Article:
Dr. Gengenbach and other participating DCs reported that the event went well and was a great experience for the doctors and athletes. Dr. Gengenbach also represented the FCA in accepting a plaque of appreciation for their continued generous sponsorship of the games. In addition, she served as the event coordinator for the first windsurfing event in the 15-year history of the state games.
"Next year's games are in Gainesville," she said, "I hope that chiropractic will expand its role once again at those games."
Garden State Games -- A Success
Kathleen Baumgardner, DC, CCSP
The New Jersey Chiropractic Society, in conjunction with the Health South Rehabilitative Center, were appointed the official care providers for the event. The Garden State Games are for all New Jersey amateur athletes and designed for all ages and skill levels. The event is directly linked to the U.S. Olympic Committee, and its programs are measured according to the highest principles of amateur sports.
The New Jersey Chiropractic Society Sports Council first became involved with the Garden State Games in 1992 as a major sponsor of the event, with 25 DCs participating. Beyond the customary media exposure, being a major sponsor enabled the doctors to observe on the field, work with the athletic trainers, and gain field experience. Many doctors had never had the opportunity to be in the situation of on-field emergency and triage evaluation, allowing them to use the information being presented in the CCSP and diplomate courses.
In 1993 the Council continued as a major sponsor, but only 10 DCs were able to participate (the diplomate written examination was being conducted concurrently).
This year, the NJCS Sports Council enlisted the help of 25 DCs, one at each venue, working together with an athletic trainer. Each doctor worked an event for three hours, and then rotated to another event. The doctor and trainer were responsible for observing the event, providing appropriate aid and referral, and insuring that water, ice and supplies were readily available to the participants. Injuries were minimal, ranging from sprains, strains, and lacerations to a fractured nose. The primary problem at the games resulted from sweltering heat that kept the temperatures between 100 and 105 degrees for the entire weekend. Temperatures on the synthetic turf were measured at 145 degrees.
Heat exhaustion was common, but there were no severe cases. The reduction in the severity of heat-related conditions can be attributed to an emphasis being placed on proper hydration. Water and ice were plentiful thanks to the support of the New Jersey National Guard. Without their support, many of the contests would most likely have been cancelled.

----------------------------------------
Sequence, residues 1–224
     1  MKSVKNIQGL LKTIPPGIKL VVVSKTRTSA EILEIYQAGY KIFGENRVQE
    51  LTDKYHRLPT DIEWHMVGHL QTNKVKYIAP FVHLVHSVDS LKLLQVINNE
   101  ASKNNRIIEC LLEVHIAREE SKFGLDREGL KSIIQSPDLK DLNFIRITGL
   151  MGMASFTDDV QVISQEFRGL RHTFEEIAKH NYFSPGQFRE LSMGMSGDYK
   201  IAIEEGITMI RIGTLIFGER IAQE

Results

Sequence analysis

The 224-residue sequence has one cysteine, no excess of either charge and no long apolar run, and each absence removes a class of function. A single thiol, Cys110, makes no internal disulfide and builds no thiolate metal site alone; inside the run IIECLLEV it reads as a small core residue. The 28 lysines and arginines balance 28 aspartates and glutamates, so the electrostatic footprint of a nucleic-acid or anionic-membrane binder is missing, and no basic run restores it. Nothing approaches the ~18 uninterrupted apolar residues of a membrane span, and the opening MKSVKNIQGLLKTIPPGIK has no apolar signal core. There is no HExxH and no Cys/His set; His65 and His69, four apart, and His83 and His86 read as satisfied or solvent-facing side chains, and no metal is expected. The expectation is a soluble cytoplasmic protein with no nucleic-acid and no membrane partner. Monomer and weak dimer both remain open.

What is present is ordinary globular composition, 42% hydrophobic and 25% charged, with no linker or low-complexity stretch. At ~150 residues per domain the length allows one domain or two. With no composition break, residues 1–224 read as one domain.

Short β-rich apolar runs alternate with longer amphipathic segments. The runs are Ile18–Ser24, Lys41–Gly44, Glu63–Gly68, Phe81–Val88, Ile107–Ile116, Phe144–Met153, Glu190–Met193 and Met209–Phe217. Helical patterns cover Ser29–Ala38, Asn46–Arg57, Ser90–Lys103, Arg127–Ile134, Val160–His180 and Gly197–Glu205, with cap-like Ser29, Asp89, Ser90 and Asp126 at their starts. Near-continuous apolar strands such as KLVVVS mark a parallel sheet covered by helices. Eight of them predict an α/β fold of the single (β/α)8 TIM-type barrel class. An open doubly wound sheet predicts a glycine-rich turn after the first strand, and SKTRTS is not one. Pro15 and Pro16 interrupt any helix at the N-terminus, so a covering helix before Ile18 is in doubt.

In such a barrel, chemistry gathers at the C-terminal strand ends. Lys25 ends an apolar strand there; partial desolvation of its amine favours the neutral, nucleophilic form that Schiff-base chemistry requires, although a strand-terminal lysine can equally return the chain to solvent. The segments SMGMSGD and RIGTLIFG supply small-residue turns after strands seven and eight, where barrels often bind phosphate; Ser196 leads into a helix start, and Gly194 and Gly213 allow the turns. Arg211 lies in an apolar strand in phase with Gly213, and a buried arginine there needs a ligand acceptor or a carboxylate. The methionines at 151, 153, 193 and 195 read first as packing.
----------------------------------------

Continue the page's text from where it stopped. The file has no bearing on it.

Injury coverage was thorough, providing excellent service to the New Jersey athletic community. The Garden State Games provided our doctors with the chance to work at a variety of sporting events and gain valuable field experience. More importantly, the games helped foster relationships with athletic trainers, which in turn helps our drive to make chiropractic an integral part of the interdisciplinary sports medicine team.
Marianne S. Gengenbach, DC, DACBSP
Dr. Gengenbach has over 11 years of experience in both private practice and teaching at the undergraduate and postgraduate levels. Her practice and teaching have specialized in athletic injuries and pediatrics, and she has lectured on numerous topics in sports chiropractic at the national and international levels. She has actively served the ACA Council on Sports Injuries since 1985, and is a former president of the American Chiropractic Board of Sports Physicians. Until recently, she served as advisor to the ACBSP, and is also a Fellow of the International College of Chiropractors. She currently keeps busy covering sports events in Florida.
Richard Duenas, DC, CCSP
Dr. Duenas is a 1985 graduate of NYCC, with a BS in physical education from Manhattan College. He is a diplomate of the American College of Chiropractic Neurology and a Certified Chiropractic Sports Physician. Dr. Duenas is involved in providing coverage at various athletic events throughout Connecticut and the New York Metropolitan area, and is a district director for the Connecticut Chiropractic Association. He practices in West Hartford, Connecticut.
Kathleen Baumgardner, DC, CCSP
Dr. Baumgardner maintains a private practice in Marlton, New Jersey. She serves as the chairperson of the NJCS Sports Council and was the Medical Director of the Garden State Games. Dr. Baumgardner has examination committee of the American Chiropractic Board of Sports Physicians. Dr. Baumgardner has 10 years of athletic training field experience, and lectures for the NYCC CCSP and diplomate programs on the subject of athletic training and the female athlete.
Marianne Gengenbach, DC, DACBSP
Clarification: The Chiropractic Sports Physician column appears every other issue. Dr. George Billauer's article on World Cup Soccer in the July 29, 1994 issue, front page, should have been credited to the Chiropractic Sports Physician column.